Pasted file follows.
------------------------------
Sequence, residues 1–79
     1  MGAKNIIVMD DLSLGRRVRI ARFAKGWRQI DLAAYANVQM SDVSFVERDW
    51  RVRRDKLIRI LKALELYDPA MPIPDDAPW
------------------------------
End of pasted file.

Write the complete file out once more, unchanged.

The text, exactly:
Sequence, residues 1–79
     1  MGAKNIIVMD DLSLGRRVRI ARFAKGWRQI DLAAYANVQM SDVSFVERDW
    51  RVRRDKLIRI LKALELYDPA MPIPDDAPW